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Provide opt-out to `AssertionOptions(o => o.WithStrictOrdering())` #974

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merged 8 commits into from Dec 5, 2018

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BrunoJuchli commented Nov 18, 2018

This handles #966

Added the following configuration options:

  • WithoutStrictOrdering()
  • WithoutStrictOrderingForBytes()

I'm a bit unsure about WithoutStrictOrderingForBytes(). Reasoning:

Should WithoutStrictOrdering() remove ByteArrayOrderingRule? It seems likely that strict byte array ordering is almost always demanded. This poses a design-problem though. Since it's possible it was removed from the default it's not clear whether it should be present after performing:

 .WithStrictOrdering()
 .WithoutStrictOrdering()

Personally, it seems risky to have WithoutStrictOrdering remove the ByteArrayOrderingRule. One might expect bytes still to be compared in order. And you'll only find out your expectation is wrong when a bug occurs which you believed covered by your tests...

Having WithoutStrictOrdering always clearing the OrderingRuleCollection and then adding a ByteArrayOrderingRule might not be expected - especially if the ByteArrayOrderingRule was not present on the default. The issue will make itself visible by throwing an exception, though.
To remove the ByteArrayOrderingRule I could add another method to the interface (WithoutStrictOrderingForBytes). Removing all ordering rules would then become:

.WithoutStrictOrdering()
.WithoutStrictOrderingForBytes()

from a usage perspective I'd prefer this.

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dennisdoomen commented Nov 19, 2018

I think we can live with the situation that byte arrays are always compared in order, irrespective to the options you provide. Do you agree @jnyrup ?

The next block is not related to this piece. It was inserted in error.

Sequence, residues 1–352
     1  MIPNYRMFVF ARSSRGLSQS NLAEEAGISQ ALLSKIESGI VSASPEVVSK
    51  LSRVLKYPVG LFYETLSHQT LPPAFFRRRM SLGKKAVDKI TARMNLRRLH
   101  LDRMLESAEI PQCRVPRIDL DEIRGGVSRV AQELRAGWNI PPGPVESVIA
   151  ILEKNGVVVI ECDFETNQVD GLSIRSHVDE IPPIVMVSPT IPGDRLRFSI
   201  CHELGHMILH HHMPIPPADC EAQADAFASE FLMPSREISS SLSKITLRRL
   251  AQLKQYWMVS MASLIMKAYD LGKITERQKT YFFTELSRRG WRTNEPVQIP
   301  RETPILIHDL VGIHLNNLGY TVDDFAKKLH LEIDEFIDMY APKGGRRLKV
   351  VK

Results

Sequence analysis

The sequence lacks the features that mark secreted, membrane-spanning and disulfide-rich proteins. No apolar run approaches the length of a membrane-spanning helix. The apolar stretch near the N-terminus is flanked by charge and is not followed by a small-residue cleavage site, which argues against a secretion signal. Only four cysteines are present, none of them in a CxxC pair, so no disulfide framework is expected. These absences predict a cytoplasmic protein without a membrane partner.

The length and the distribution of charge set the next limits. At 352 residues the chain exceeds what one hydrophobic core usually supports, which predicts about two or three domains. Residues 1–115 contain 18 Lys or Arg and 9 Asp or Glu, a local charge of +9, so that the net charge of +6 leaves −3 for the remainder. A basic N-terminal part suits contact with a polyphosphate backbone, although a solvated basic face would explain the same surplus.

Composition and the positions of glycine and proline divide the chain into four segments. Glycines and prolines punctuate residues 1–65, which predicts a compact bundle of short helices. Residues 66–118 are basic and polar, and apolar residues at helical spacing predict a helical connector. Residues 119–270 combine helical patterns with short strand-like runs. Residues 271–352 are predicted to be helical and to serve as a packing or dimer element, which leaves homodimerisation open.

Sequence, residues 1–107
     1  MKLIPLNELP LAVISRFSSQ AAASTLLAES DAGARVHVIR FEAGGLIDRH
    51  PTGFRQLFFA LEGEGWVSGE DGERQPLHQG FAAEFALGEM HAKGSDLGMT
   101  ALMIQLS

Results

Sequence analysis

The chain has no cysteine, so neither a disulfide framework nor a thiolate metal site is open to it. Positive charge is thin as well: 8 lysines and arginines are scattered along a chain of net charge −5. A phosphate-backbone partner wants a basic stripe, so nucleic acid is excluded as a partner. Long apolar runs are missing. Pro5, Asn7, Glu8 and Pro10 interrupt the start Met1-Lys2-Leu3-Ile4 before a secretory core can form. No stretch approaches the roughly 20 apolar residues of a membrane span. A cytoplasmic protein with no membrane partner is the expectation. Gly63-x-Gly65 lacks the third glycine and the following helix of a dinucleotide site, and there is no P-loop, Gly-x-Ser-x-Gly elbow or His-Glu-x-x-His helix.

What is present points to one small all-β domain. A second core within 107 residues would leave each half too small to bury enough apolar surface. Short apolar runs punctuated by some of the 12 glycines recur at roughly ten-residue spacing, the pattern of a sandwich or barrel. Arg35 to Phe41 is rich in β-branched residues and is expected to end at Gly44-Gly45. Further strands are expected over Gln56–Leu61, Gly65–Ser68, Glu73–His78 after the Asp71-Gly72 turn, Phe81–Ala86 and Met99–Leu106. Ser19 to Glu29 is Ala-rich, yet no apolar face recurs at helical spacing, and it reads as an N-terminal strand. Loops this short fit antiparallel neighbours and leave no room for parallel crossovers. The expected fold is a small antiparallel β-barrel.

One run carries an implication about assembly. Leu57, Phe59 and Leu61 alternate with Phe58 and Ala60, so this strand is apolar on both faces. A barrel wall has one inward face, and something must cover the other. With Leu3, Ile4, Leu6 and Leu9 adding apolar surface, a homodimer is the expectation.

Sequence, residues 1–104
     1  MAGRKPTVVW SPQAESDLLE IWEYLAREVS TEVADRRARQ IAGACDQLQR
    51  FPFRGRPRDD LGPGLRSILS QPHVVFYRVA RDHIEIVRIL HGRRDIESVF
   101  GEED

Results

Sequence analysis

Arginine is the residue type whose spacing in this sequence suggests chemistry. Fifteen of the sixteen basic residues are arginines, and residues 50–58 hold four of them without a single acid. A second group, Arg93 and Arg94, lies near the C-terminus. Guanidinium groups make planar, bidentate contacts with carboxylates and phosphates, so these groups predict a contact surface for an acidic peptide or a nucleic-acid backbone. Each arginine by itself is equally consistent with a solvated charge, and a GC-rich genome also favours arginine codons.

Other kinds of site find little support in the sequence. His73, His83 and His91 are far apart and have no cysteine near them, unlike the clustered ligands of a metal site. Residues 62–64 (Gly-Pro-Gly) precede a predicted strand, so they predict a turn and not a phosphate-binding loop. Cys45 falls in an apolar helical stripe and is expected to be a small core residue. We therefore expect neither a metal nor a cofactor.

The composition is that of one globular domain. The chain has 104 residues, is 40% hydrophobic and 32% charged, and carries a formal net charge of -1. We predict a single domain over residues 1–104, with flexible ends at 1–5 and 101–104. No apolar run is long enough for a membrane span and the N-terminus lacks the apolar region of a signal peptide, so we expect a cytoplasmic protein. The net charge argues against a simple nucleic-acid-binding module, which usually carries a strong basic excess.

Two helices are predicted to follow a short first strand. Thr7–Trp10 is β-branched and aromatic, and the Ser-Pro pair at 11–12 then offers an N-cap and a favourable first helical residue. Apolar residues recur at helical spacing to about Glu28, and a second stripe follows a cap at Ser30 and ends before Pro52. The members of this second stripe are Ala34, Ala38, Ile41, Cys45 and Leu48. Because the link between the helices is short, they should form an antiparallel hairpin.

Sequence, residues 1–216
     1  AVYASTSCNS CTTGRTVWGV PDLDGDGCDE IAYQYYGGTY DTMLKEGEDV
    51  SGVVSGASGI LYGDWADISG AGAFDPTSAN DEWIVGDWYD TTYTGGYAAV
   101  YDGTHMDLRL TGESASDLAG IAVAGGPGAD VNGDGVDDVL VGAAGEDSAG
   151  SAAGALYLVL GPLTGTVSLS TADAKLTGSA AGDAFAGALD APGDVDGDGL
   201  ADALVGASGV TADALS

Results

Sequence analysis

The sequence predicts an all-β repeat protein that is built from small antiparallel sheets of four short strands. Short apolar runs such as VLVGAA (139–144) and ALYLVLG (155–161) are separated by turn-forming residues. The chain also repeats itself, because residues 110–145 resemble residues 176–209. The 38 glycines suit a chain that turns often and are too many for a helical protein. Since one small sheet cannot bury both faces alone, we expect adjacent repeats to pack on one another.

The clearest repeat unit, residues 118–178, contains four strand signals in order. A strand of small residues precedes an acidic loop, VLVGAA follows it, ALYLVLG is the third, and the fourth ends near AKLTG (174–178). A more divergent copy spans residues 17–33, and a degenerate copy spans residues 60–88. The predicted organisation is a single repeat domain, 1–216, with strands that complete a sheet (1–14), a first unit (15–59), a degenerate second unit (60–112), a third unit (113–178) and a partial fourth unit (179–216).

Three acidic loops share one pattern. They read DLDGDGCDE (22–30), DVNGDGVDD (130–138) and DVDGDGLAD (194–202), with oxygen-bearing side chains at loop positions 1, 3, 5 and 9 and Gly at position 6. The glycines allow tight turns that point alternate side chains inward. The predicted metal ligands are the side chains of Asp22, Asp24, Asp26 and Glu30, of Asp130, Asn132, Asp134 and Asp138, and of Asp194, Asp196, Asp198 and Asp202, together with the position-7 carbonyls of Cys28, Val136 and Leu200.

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jnyrup commented Nov 19, 2018

I agree that ByteArrayOrderingRule should still be present after calling WithoutStrictOrdering.

I'm not sure about WithoutStrictOrderingForBytes.
How would you express that functionality today?

WithoutStrictOrdering should be documentated in https://github.com/fluentassertions/fluentassertions/blob/master/docs/_pages/documentation.md.

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dennisdoomen commented Nov 20, 2018

I'm not sure about WithoutStrictOrderingForBytes.

I don't think we need this, do we really?

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BrunoJuchli commented Nov 21, 2018

@jnyrup

I'm not sure about WithoutStrictOrderingForBytes.
How would you express that functionality today?

IMHO you can't.
Originally I had another impression because IEquivalencyAssertionOptions.OrderingRules is public gettable and I thought there was a way to get to IEquivalencyAssertionOptions. It would have been possible to perform OrderingRules.Add(RuleWhichIgnoresByteOrdering). Since the last rule applying to a member wins the IgnoreByteOrdering rule would have won over the the default behavior.


Hence I agree that WithoutStrictOrderingForBytes should not be introduced. Strict ordering for bytes should always be kept (as is the current behavior).
Furthermore OrderingRuleCollection.Clear must be internal, otherwise it would be possible to remove strict ordering for bytes.

@jnyrup

WithoutStrictOrdering should be documentated in https://github.com/fluentassertions/fluentassertions/blob/master/docs/_pages/documentation.md.

Will do, thanks for the hint.

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jnyrup commented Nov 21, 2018

@BrunoJuchli Sounds good and thanks for thinking about making Clear() internal. No need to expose it.

Bruno Lorenz Juchli added 3 commits Nov 22, 2018
…ForBytes() and made OrderingRuleCollection.Clear() internal.
…tStrictorderingFor(...)`.